An Early College start to Maine healthcare careers: The University of Maine at Machias and the University of Maine at Fort Kent have launched Maine Career Early College Certificates that allow high school students to explore and prepare for careers that lead directly to opportunities in Maine workforce.
- UMM’s Introduction to Health Professions is available on campus for high school students from the Machias region; and,
- UMFK’s Early College Certificate in Nursing and Healthcare is available online through any of UMFK’s 103 partner high schools across Maine.
High Fidelity Nursing Simulation Lab expansion at USM: Proceeds from the University Workforce Bond passed by Maine voters in November are being invested in a nursing simulation lab expansion at the University of Southern Maine in Portland to increase enrollment. Final approval on the lab design is pending and the campus will be proceeding with the lab expansion soon. Nursing
Introduction Course Expanding To Lake Regional Vocational Center: The USM School of Nursing is partnering with Lake Region Vocational Center in Naples, Maine, in the upcoming academic year to offer Introduction to Professional Nursing (NUR 100) to local students. In what is known as dual enrollment, a qualified high school teacher from the center is supported by USM’s nursing faculty to deliver the course to students.
The students taking part in the class studied to become Certified Nursing Assistants as high school juniors in the center’s allied health program. The early college partnership expands the curriculum options available to local students, provides an opportunity for students to earn free college credits, and strengthens the pipeline into Maine nursing careers.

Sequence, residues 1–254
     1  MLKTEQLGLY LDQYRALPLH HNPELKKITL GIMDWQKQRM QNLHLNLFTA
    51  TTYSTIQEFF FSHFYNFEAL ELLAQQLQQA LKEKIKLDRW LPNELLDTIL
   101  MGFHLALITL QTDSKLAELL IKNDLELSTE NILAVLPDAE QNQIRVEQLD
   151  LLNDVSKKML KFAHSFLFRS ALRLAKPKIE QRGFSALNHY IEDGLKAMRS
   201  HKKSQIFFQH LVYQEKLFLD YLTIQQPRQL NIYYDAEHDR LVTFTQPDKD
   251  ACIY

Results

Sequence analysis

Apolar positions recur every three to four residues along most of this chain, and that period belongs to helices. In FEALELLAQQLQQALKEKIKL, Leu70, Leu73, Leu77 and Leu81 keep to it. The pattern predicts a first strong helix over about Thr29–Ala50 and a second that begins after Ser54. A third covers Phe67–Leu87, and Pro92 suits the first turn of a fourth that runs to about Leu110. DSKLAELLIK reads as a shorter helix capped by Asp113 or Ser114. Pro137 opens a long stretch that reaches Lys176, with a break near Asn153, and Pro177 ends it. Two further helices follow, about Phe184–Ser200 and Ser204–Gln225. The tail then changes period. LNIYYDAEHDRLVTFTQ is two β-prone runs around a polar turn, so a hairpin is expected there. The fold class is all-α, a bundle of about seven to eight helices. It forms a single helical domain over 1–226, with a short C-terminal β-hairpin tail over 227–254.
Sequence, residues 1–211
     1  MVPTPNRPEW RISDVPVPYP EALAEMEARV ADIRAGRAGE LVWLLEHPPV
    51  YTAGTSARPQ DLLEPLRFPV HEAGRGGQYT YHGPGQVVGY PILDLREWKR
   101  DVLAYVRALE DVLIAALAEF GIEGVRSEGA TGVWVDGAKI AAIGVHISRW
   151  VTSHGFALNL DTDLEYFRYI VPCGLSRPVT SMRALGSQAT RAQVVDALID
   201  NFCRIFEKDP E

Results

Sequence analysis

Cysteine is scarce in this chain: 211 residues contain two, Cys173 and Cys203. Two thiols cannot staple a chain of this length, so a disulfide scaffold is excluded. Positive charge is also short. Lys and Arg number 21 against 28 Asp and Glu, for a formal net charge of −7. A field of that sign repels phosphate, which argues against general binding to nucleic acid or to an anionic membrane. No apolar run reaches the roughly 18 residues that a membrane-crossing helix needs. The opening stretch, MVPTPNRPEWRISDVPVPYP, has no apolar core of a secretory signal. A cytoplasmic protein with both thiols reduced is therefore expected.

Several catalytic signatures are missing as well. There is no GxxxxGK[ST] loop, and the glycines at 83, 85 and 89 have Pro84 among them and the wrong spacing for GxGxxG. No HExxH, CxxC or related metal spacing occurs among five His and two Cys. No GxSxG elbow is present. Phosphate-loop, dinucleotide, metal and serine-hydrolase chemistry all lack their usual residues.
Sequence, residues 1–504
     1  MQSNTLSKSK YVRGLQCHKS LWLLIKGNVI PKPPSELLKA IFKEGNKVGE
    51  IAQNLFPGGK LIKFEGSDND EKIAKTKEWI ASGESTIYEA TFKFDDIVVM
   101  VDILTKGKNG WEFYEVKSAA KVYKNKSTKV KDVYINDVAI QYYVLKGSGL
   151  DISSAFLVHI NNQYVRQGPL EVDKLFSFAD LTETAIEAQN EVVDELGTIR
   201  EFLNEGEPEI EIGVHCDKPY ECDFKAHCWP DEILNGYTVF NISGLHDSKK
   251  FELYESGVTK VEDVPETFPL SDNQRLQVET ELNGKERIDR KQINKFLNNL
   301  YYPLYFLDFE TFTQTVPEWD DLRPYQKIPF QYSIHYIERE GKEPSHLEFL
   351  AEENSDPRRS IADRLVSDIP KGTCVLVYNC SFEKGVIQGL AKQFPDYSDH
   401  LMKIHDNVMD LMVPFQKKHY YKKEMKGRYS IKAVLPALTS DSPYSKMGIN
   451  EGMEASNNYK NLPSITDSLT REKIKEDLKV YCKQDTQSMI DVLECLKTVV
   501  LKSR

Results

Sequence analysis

USM hires new Associate Dean for its School of Nursing: Dr. Brenda Petersen was hired last month to serve as the new associate dean of the School of Nursing at USM. She is an advanced practice nurse who holds a PhD in Health Sciences Leadership and is recognized as a visionary and innovative leader in nursing education. In 2018 Petersen was awarded the Beacon of Light Award for leadership, excellence, and community impact by the New Jersey State Nurses Association. Dr. Petersen joins USM with extensive experience in curriculum and program development, and she has served as primary investigator for close to a million dollars of grant funding related to college access, student success and innovation. $110,000
System grant for Nursing Education Lab in Machias: The University of Maine System is providing a $110,000 grant to the University of Maine and the University of Maine at Machias to help fund a new nursing simulation lab at the Machias campus. Nursing education will be made available at the University of Maine at Machias in the 2019-20 academic year in partnership with the University of Maine School of Nursing. The first cohort in 2+2 Machias will begin at UMM in January 2020. Approximately 16 students who meet the UMaine School of Nursing admissions requirements will be admitted and, given academic performance, will continue the third and fourth years of their nursing studies at UMaine as they work toward a BSN.
$65,000 System grant for USM / UMA Clinical Immersion pilot project: The University of Maine System is providing $65,000 to fund a clinical immersion pilot project that will provide 100 USM junior nursing students with individually-precepted hospital nursing clinical experience that more accurately mirrors post-graduation workplace responsibilities. Experienced clinical nurses will receive an educational stipend for participating in a preceptor education program being developed by nursing faculty at USM and UMA. The project will provide students with immersive, one-on-one mentorship experience that improves competency at the time of graduation while also decreasing the number of faculty needed per student cohort. Expected provider partners include Maine Medical Center, Mid Coast Hospital, and Southern Maine Health Care. System grants are provided through the Strategic Resource Allocation Plan, a One University Initiative that has invested $31 million in administrative savings and excess investment income over six years into university priority projects including research, scholarship and workforce development.